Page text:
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Neil Gladd's concert at Daemen College Monday night revealed elements of a surprisingly deep repertoire for the mandolin, an instrument that is rarely thought of within a classical context. While Antonio Vivaldi and Wolfgang Amadeus Mozart wrote works that put the instrument front and center, the mandolin generally shows up in 20th century scores as an element of orchestral color.

Other than playing an arrangement of Johann Sebastian Bach's Partita No. 3 (BWV 1006), a piece originally written for solo violin but one that has shown up in versions for guitar and lute as well, Gladd's recital consisted of works specifically created for solo mandolin. The Bach piece was a bit tricky, with Gladd looking at times as if he were courting carpal tunnel syndrome. The soloist was still able to convey the beauty of the work despite the sound not carrying as well as that of a larger instrument, a factor that forced some of the inner details into the background.

Before launching into the other works in his program, Gladd told the history of the instrument and how the styles of playing advanced, including information about each of the works being performed. For the 18th century piece by Leoni of Naples, a fairly dry, academic work, the soloist detailed the change from a straight up and down picking style to one that skipped strings to create a more complex piece.

The differences were made even more apparent in the delightful "Il Preludio" by Raffaele Calace, a mandolin composer whose heyday was around the cusp of the 20th century. Gladd's playing of finale from Aubrey Stauffer's Concerto for Solo Mandolin displayed some of the Vaudeville roots of the composer, while Sol Goichberg's three-piece suite, "From the Forest," was a generally more reflective and tonally daring work.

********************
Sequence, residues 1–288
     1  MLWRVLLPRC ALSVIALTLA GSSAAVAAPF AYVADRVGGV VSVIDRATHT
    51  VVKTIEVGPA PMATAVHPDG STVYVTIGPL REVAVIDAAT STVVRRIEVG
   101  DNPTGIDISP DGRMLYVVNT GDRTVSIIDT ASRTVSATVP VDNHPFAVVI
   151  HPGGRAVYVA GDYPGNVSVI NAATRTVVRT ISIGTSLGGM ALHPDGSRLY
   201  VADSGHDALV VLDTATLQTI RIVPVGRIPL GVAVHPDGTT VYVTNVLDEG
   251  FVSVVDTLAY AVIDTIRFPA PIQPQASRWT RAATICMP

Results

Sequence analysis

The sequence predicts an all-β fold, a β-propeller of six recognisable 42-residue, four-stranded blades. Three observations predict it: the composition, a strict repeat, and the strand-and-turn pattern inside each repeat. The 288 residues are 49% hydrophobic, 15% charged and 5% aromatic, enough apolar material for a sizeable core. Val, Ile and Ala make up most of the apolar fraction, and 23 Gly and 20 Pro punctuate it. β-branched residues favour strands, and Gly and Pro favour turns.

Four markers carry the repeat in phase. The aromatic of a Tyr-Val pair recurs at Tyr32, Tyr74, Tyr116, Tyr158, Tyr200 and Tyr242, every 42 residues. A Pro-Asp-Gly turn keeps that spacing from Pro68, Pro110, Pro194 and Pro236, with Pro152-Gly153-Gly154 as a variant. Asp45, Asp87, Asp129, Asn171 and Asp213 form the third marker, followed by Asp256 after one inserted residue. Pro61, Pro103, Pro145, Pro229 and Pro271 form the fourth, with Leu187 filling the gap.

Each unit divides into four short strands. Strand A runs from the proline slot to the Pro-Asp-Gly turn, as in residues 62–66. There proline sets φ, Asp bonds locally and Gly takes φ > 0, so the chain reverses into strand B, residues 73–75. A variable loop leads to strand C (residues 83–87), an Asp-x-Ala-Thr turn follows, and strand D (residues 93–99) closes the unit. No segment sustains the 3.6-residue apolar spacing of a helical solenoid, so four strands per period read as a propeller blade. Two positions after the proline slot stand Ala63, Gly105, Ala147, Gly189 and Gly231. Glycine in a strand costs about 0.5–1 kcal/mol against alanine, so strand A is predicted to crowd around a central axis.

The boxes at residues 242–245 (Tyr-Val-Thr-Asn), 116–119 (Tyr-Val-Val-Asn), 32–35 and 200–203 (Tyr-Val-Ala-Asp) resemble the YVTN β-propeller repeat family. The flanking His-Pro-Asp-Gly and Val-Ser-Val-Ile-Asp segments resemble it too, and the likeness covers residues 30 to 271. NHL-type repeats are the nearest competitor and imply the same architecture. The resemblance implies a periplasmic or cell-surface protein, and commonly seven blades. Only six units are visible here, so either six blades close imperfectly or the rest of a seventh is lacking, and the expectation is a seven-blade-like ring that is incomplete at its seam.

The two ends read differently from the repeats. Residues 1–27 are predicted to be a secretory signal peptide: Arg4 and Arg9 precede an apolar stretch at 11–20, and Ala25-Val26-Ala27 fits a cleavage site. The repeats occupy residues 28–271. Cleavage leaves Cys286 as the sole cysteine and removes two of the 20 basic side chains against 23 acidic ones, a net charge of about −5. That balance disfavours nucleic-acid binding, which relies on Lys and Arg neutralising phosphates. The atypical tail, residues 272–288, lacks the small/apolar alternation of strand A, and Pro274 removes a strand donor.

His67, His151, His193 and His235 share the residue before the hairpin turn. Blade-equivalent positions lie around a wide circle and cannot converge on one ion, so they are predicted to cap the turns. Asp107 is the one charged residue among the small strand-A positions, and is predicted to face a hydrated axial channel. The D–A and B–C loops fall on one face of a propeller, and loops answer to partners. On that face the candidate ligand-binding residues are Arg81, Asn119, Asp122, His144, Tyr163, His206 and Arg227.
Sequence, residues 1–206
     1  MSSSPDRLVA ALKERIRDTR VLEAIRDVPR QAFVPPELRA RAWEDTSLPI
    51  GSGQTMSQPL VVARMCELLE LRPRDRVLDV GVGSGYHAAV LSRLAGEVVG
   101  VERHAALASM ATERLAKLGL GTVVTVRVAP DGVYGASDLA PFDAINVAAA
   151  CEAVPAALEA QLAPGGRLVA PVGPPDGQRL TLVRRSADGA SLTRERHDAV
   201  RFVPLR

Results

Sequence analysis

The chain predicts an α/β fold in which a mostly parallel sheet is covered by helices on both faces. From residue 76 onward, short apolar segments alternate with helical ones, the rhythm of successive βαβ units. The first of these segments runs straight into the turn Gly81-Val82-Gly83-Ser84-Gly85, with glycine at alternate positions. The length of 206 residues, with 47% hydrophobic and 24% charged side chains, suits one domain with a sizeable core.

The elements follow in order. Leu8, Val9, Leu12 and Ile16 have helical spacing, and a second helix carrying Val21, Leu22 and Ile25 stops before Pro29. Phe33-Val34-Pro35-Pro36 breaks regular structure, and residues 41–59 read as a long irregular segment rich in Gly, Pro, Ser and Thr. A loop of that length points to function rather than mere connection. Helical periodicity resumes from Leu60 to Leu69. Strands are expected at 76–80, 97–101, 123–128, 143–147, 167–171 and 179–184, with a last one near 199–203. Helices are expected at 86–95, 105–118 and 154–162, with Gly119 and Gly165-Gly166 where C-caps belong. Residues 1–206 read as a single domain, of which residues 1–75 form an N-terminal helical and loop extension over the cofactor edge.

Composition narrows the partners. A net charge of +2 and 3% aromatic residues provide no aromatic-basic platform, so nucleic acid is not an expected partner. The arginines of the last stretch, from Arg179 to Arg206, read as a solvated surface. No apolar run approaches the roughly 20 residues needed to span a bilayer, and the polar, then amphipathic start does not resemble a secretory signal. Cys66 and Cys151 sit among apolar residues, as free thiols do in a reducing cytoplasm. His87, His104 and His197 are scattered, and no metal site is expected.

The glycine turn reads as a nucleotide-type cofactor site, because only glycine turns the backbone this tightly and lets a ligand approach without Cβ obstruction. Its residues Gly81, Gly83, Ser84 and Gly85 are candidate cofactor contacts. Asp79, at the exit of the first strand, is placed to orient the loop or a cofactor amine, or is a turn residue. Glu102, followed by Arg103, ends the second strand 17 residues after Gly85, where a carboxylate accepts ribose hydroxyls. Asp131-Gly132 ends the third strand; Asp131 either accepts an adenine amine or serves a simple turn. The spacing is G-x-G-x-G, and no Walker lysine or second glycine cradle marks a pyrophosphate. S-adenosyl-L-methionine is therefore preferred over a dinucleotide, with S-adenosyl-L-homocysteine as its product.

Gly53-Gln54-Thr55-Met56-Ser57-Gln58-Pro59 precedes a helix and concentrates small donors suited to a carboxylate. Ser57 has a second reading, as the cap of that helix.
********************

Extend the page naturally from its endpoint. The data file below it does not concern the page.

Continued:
Goichberg's piece was an admirable lead into the "Scherzo-Rhapsody" by Chester Mais, a work that displayed the composer's penchant for jazz inflections within the context of his sparse but adventurous style. Gladd played Robert Lombardo's "Fantasy Variations IV" next, noting that it was the first time he had performed it before an audience. It was a solid lead into Gladd's own Sonata II for Solo Mandolin, a work which he thought might contain the only fugue written for solo mandolin in the 20th century.

For the encore, Gladd brought out his hybrid mandolin-banjo, an instrument that grafted a mandolin head onto a miniature banjo body and sounded a bit like a mutant ukulele. His singing is a bit lightweight in comparison to his instrumental prowess, but Gladd's rendition of the roaring '20s classic "Let's Misbehave" was a delightful aperitif to an interesting program.


Neil Gladd

Classical mandolin player.

Monday evening in the Wick Center, Daemen College.

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